Britain blasts Argentinian 'bullying' over Falklands

Foreign Secretary William Hague said Britain could never be bullied by Argentina into giving up the Falkland Islands, in an interview published Sunday.

Hague told The Sun newspaper that Argentina's "intimidatory" behaviour only fortified the 2,500-odd Falkland Islanders in their determination to remain a self-governing British overseas territory.

He also branded his Argentine counterpart Hector Timerman's claims that the South Atlantic archipelago would be under the control of Buenos Aires within 20 years as "fantasy".

"There should never be a reward for bullying or threatening behaviour in international affairs," Hague said.

"This is a community that is nearly 200 years old. They seem very determined to remain British.

"If there's any chance they would change their minds, the approach by Argentina is completely counter-productive.

"It only fortifies the islanders' determination to stay British. It is only going to add to the decades and centuries that the Falklands will remain British."

Britain has held the barren, windswept islands since 1833, but Argentine forces invaded in 1982, prompting London to send a naval task force to reclaim control in a brief but bloody conflict.

Buenos Aires claims the islands are occupied Argentinian territory.

Timerman visited London last week but refused to meet Hague as the British minister insisted on Falklands government representatives being present.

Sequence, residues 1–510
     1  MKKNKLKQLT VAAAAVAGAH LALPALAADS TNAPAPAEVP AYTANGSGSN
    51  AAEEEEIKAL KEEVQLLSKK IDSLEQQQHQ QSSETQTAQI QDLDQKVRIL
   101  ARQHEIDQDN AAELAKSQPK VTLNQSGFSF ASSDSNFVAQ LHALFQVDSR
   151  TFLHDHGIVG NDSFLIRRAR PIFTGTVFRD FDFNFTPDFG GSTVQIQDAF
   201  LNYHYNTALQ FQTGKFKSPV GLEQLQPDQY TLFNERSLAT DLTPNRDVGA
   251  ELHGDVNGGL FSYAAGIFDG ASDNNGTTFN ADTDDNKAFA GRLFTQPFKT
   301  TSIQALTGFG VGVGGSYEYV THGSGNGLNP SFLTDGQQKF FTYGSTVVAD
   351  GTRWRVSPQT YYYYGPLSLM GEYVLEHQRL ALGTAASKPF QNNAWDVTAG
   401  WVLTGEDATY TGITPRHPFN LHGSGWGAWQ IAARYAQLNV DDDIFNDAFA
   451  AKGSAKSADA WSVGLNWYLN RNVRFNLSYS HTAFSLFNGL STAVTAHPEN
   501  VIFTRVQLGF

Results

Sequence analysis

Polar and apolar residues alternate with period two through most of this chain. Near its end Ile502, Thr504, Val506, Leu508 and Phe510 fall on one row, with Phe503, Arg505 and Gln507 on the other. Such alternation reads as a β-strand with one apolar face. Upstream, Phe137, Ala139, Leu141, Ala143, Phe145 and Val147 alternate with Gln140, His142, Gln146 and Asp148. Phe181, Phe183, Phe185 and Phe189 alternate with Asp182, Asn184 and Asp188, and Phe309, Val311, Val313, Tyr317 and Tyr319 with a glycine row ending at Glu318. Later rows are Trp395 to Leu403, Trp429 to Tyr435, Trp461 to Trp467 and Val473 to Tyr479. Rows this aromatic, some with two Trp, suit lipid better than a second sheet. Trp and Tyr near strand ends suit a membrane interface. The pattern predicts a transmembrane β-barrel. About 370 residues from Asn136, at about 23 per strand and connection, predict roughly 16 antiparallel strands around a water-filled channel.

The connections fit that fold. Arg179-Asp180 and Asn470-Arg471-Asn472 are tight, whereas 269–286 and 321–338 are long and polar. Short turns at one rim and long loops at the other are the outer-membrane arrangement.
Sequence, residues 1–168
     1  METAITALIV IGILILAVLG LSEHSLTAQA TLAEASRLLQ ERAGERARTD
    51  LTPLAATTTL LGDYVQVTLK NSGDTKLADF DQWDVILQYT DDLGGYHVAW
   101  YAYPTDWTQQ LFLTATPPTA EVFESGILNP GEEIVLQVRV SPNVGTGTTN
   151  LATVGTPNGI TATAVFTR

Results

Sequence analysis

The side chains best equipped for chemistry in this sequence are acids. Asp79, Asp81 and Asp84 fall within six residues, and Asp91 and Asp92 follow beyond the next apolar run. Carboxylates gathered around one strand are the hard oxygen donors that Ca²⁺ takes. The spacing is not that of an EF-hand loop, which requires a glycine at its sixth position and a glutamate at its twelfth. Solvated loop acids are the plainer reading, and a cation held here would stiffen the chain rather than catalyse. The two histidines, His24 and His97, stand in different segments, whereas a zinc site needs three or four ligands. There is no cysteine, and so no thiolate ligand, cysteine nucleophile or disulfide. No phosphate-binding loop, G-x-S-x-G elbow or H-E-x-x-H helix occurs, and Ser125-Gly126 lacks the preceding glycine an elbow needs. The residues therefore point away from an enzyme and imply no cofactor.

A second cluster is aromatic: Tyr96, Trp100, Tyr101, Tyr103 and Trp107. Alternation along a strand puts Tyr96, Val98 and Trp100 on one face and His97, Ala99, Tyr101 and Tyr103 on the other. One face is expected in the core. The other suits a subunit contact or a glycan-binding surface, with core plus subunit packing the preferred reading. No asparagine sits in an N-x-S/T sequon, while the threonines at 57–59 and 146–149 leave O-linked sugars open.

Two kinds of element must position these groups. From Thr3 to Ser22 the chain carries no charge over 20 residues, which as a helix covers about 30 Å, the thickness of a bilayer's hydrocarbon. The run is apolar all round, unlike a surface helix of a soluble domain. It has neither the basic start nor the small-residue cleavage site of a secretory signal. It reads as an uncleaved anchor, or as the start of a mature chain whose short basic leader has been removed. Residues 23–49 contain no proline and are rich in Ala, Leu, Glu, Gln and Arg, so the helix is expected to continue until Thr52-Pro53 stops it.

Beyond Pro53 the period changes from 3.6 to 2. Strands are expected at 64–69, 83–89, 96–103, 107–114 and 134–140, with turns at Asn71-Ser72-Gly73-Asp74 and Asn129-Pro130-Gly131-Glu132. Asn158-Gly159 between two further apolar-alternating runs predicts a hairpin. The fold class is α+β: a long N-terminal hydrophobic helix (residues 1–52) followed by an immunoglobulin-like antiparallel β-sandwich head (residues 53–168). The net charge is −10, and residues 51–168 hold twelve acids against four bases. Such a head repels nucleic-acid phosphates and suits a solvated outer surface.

On his visit, Timerman shook hands with a stranger who gave him a letter, only to learn it was one of the Falklands representatives.

"You would think the poor minister had suffered an electric shock judging by the way he recoiled," Hague said.

"These are people who have rights -- just like those in the UK and Argentina.

"There are families in the Falklands who are in their ninth generation.

"The Falklands have been there longer than Argentina has had its current boundaries or existed in its current form."

He hinted that Argentina's President Cristina Kirchner was using the Falklands as a way to divert from domestic problems.

Buenos Aires has rejected the dialogue of the 1990s in favour of "a pattern of bullying and intimidatory behaviour", he said.

"It would be better to talk to the islanders rather than deny their existence or claim Argentina will have the islands within 20 years. These things are fantasy.

"It would be far better for their country to be realistic."

Hague accused Kirchner and Timerman of "misreading the character" of British and Falklands people.

"Everything we have seen and heard in the last week is the last thing that would ever work."

A referendum is to be held on the Falklands on March 10 and 11, asking the islanders whether they wish to retain their current status.